Daud Abdullah has been appointed to teach a 22-week course entitled “Introduction to Islam” at Birkbeck, a college of the university. The move will add to growing concern in the wake of the Detroit bomber case that London University is becoming a haven for Islamic radicals.
Last year Dr Abdullah, who is also deputy secretary general of the Muslim Council of Britain, signed the controversial “Istanbul Declaration.” This applauded Hamas, demanded “jihad and resistance” against Israel, sought a “complete victory for all of Palestine,” stated that “everyone standing with the Zionist entity [Israel]” should be treated the same as the Israelis, and said that the sending of “foreign warships into Muslim waters” was a “declaration of war” which must be “fought by all means.”
The then Communities Secretary, Hazel Blears, claimed the declaration advocated “violence against our troops” and “attacks on Jewish communities all around the world” and broke off relations with the MCB when they refused to sack Dr Abdullah.
Dr Abdullah has refused to withdraw his support for the Istanbul Declaration, though he has always insisted that he opposes attacks on British forces. The Government last week restored ties with the MCB – but still refuses to have any contact with Dr Abdullah.
Houriya Ahmed, of the think-tank the Centre for Social Cohesion, said: “This is deeply worrying. It is bad enough when hardline preachers are invited on campus but to have soneone actually lecturing on behalf of the university is far worse. It is shocking they think that this man idea is suitable to introduce students to Islam.”
The appointment is the latest in a series of controversies involving Islamist extremism and London University. The Detroit bomber, Umar Farouk Abdulmutallab, was allegedly radicalised while a student at UCL, another college of the university. Earlier this week the Telegraph reported how UCL’s Islamic society, which Abdulmutallab once chaired, is to host a series of speakers with links to extremism and alleged terrorism.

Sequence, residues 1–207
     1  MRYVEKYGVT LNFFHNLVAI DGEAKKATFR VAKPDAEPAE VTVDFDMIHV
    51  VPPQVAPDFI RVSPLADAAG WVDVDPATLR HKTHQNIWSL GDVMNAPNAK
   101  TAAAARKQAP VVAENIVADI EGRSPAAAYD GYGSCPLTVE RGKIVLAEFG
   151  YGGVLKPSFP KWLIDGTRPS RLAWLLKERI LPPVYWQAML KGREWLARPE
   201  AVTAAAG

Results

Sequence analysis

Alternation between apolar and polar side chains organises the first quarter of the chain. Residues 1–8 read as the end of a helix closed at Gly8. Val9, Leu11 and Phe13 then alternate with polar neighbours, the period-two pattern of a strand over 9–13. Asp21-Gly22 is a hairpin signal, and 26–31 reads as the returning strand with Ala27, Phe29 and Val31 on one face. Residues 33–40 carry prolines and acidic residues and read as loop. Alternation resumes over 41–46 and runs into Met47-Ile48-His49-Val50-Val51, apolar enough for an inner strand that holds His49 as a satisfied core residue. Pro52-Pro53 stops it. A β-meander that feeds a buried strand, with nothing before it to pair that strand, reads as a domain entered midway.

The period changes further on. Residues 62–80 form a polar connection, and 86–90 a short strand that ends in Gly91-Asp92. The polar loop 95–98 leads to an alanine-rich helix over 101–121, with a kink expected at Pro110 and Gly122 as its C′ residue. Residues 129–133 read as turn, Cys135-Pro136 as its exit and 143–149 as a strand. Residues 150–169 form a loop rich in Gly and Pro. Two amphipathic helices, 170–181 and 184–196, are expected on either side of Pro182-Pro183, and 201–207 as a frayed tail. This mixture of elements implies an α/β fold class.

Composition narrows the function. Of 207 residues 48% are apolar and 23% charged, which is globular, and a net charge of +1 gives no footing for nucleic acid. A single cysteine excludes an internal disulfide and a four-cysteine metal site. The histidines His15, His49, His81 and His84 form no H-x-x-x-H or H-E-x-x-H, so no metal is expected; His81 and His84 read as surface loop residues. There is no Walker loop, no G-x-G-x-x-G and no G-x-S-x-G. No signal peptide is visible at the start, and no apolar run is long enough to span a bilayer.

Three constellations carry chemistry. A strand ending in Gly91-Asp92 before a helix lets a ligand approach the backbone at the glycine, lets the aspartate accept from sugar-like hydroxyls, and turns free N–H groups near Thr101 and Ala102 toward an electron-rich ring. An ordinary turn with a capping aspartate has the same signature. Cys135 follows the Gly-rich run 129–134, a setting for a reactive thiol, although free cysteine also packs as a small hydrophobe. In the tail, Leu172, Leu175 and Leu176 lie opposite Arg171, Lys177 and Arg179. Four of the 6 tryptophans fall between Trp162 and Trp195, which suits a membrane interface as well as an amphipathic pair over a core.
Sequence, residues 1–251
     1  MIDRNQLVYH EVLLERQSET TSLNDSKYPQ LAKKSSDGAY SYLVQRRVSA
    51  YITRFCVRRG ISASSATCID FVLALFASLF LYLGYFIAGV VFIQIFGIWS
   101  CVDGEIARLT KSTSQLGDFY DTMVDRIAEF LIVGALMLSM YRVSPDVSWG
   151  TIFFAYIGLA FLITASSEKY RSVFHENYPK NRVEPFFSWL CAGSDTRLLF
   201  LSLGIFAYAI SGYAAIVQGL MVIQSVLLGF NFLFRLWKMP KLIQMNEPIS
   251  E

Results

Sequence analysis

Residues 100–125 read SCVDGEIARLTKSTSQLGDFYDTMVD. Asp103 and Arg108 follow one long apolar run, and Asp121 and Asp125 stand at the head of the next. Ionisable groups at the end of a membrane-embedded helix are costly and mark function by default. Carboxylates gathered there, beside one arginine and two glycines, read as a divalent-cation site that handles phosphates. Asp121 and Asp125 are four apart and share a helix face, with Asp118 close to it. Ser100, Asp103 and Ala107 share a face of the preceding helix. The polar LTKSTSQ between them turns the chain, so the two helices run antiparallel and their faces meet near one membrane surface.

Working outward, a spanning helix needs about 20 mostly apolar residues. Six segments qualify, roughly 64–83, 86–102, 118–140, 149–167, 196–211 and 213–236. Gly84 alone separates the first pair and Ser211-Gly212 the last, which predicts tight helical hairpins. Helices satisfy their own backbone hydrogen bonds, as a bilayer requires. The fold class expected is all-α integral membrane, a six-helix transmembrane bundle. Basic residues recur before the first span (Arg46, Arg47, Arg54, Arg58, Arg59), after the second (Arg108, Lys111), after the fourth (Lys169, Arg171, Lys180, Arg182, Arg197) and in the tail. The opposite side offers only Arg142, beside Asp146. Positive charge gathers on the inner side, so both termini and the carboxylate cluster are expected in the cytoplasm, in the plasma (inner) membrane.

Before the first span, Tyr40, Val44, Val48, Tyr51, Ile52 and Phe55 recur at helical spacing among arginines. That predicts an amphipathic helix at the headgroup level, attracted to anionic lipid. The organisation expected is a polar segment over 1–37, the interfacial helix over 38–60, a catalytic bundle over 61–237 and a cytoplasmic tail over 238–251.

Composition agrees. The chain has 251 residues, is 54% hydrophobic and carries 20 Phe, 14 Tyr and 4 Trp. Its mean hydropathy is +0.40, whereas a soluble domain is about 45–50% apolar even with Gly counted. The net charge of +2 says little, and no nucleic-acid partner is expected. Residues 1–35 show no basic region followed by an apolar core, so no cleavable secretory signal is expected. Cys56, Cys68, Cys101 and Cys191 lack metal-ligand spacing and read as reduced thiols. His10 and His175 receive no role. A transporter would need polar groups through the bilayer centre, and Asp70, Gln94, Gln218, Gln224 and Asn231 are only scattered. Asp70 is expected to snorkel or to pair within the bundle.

It has also emerged that Reza Pankhurst, a teacher at another London University college, the LSE, is a leading activist in Hizb ut Tahrir, an extremist, separatist and anti-Semitic group. Numerous other meetings with radical speakers have been held on the university’s premises. Ms Ahmed said: “There appears to be a particular problem with the University of London. They have a duty of care to their students and they are failing to provide it.”
Last week senior US government officials accused Britain of not doing enough to tackle extremism, saying the UK has the West’s “greatest concentration of active al-Qaeda supporters.” Particular concern was expressed about British universities.
The course taught by Dr Abdullah, at Birkbeck’s Stratford campus, began in October and is due to last until Easter. A spokesman for Birkbeck College said: “If anyone raises concerns about a member of our staff, we will investigate them.”
Dr Abdullah said last night: “I have never had any complaints from the authorities about my teaching. There are members of the police forces and the intelligence agencies who attend my course. I remain a signatory of the Istanbul Declaration and I believe the Palestinian people have the right to resist but I dispute Hazel Blears’ interpretation of the Declaration.” Asked whether he supported attacks on anyone who “stood with” Israel, such as British Jews or Israeli civilians, he said: “Let’s not get into semantics. I have made my views clear.”